The DVD picture isn't great but is certainly watchable, especially considering this is such a low-budget movie. There are flaws, but even granting those, I honestly find it quite delightful that a rare film like this is available looking as good as it does.

More problematic is the soundtrack, with dialogue sometimes notably murky, such as in the opening scene where the lines are close to drowned out by the sound of the car's motor. The sound quality improves in some later scenes, but overall it was more of a strain for me to understand than is the case with the average DVD. (My hearing is admittedly not 100%, so "Your mileage may vary.")

All five films are presented on a single disc. The other films in the set are LARCENY IN HER HEART (1946), BLONDE FOR A DAY (1946), THREE ON A TICKET (1947), and TOO MANY WINNERS (1947).

An easygoing detective movie like this is just the kind of undemanding viewing I particularly enjoy at the end of a long day, and I'm looking forward to checking out the other films in the set.

Thanks to ClassicFlix for providing a review copy of this DVD.

Wednesday, December 04, 2019

TCM Star of the Month: Joan Blondell

Beloved actress Joan Blondell is the December Star of the Month on Turner Classic Movies.

Blondell's career will be celebrated every Thursday evening this month, continuing into Friday.

The first two weeks will focus on Joan's pre-Code years, followed by later movies and character roles. 29 films in all will be shown.

Below is the complete lineup; click any hyperlinked title for the related review.

Air times for varying time zones may be found on TCM's online schedule.

December 5th

MILLIE (1931)

December 12th

SMARTY (1934)
GOLD DIGGERS OF 1933 (1933)

December 19th

CRY "HAVOC" (1944)

December 26th


Among these films I particularly recommend BLONDIE JOHNSON, GOLD DIGGERS OF 1933, and FOOTLIGHT PARADE. THIS COULD BE THE NIGHT is also a favorite, although Joan's role is relatively small.

I was honestly surprised that a fairly significant number of Blondell's movies aren't on the schedule, from NIGHT NURSE (1931) and UNION DEPOT (1932) to THERE'S ALWAYS A WOMAN (1938) and GOOD GIRLS GO TO PARIS (1939) to A TREE GROWS IN BROOKLYN (1945) and NIGHTMARE ALLEY (1947). I'm sure licensing issues must be at play in regards to Columbia and 20th Century-Fox titles I've mentioned here, but there are a number of early Blondell films -- including the aforementioned NIGHT NURSE and UNION DEPOT -- which TCM regularly shows and are not on this schedule. It would be interesting to know more.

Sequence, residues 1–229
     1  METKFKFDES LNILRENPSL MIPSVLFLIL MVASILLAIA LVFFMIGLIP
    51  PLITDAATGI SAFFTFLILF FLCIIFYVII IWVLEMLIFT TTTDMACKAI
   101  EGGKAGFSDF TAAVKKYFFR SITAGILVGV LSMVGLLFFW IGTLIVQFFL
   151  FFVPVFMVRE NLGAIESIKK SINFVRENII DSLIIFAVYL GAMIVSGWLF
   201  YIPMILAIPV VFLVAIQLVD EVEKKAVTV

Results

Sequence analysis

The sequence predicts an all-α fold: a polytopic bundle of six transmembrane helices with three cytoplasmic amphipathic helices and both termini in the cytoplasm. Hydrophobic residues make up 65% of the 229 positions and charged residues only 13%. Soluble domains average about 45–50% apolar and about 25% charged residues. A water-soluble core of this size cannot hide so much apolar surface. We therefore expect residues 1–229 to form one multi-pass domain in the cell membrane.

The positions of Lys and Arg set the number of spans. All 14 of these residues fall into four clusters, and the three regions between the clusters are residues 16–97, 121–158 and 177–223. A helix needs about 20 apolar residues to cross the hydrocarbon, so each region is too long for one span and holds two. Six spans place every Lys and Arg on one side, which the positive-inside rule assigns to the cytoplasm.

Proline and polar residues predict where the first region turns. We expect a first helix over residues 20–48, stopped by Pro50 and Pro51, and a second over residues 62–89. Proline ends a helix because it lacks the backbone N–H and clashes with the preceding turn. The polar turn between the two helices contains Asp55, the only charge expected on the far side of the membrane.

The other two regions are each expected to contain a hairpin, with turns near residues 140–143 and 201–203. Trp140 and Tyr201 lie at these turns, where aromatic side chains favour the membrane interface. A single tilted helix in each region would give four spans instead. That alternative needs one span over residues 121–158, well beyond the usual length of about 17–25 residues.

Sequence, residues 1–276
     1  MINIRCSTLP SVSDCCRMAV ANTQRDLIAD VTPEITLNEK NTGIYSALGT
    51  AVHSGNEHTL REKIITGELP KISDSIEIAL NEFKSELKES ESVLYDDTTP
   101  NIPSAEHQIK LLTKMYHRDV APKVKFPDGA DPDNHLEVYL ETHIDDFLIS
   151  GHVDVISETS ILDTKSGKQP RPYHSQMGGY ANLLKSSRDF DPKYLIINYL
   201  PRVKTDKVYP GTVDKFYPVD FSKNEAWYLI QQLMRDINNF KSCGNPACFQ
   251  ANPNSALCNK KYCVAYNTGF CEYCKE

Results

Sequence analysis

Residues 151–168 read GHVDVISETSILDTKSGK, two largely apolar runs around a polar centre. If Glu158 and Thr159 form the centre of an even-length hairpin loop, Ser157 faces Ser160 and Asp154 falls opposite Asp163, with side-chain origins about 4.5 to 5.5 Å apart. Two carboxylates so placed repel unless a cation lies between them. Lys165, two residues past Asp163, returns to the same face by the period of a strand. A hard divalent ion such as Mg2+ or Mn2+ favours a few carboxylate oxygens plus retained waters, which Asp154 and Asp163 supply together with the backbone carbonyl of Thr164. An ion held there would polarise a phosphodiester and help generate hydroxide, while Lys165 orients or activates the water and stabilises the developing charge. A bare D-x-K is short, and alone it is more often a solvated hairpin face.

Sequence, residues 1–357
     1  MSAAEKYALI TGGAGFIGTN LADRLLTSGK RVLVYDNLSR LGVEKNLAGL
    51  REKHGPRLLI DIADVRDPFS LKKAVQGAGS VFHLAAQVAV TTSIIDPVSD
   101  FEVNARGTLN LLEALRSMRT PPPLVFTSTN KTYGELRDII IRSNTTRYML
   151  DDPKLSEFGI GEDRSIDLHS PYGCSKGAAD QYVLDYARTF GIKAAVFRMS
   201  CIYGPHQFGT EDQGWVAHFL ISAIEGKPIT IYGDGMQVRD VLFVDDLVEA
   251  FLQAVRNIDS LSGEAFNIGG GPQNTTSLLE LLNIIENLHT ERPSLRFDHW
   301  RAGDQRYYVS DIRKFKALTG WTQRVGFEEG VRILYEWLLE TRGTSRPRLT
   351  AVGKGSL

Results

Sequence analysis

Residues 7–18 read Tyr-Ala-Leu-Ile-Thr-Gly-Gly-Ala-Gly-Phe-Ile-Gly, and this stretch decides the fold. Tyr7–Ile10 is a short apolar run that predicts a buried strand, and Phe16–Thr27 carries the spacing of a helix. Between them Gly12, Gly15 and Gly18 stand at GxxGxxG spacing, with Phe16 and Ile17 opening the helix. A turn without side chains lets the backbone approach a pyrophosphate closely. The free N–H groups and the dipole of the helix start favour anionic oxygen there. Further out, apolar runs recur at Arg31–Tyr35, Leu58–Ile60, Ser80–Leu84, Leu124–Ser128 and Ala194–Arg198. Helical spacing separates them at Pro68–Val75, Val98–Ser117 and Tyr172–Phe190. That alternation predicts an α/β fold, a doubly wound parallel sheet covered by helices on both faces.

Nonetheless, there are many very entertaining films being shown this month, and it's a great opportunity to enjoy the work of a wonderful actress thanks to Turner Classic Movies.

For more on TCM in December 2019, please visit my posts TCM in December: Highlights, TCM in December: Christmas Movies, and Quick Preview of TCM in December, along with TCM's online schedule.

Sunday, December 01, 2019

Tonight's Movie: The Set-Up (1949) - A Warner Archive Blu-ray Review

The boxing film THE SET-UP (1949) is now available on Blu-ray from the Warner Archive.

This was my first time to see this movie, which stars favorites Robert Ryan and Audrey Totter. I've held off seeing it in part as I've anticipated that at some point it would should up at a film festival, but since it came out on Blu-ray it was finally time to go ahead and check it out!

Ryan plays over-the-hill boxer Bill Thompson, who's convinced he's going to resurrect his fading career by winning his next fight.

Thompson's loyal wife Julie (Totter) can't stand watching her man beaten up fight after fight and decides to skip using her ticket to his latest boxing match. She instead spends the evening wandering the city.